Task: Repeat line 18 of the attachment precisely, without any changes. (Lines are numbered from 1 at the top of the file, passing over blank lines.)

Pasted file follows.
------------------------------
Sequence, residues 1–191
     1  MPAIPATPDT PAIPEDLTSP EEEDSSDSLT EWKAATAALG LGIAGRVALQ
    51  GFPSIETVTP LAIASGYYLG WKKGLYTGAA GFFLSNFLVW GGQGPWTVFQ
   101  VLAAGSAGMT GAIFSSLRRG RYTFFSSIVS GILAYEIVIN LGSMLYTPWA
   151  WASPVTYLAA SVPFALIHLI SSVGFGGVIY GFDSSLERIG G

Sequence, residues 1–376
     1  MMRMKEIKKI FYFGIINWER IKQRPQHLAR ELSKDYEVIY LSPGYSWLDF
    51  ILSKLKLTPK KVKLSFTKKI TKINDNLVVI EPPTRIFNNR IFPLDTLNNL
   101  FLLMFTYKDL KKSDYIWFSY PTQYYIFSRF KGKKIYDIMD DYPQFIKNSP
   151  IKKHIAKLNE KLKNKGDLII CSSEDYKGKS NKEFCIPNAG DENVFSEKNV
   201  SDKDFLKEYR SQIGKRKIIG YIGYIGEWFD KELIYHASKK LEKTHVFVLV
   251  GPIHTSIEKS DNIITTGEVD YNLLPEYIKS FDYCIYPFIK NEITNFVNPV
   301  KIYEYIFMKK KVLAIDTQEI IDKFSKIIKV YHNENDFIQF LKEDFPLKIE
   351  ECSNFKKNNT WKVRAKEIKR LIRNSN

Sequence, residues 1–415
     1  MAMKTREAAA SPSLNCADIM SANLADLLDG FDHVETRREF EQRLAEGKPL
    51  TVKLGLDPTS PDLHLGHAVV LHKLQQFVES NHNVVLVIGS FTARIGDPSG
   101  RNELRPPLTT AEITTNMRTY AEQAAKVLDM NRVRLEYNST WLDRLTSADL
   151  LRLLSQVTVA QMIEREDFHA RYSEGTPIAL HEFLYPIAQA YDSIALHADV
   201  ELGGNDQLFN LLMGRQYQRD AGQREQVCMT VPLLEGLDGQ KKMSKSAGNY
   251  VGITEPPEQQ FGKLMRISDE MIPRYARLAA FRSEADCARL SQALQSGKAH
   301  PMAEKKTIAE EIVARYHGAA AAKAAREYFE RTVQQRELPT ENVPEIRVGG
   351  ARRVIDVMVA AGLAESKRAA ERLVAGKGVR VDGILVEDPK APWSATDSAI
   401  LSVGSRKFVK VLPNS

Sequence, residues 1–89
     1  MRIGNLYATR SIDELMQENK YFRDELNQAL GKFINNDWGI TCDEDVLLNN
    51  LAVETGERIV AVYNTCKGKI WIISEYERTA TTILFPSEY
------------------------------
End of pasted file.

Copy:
   101  RNELRPPLTT AEITTNMRTY AEQAAKVLDM NRVRLEYNST WLDRLTSADL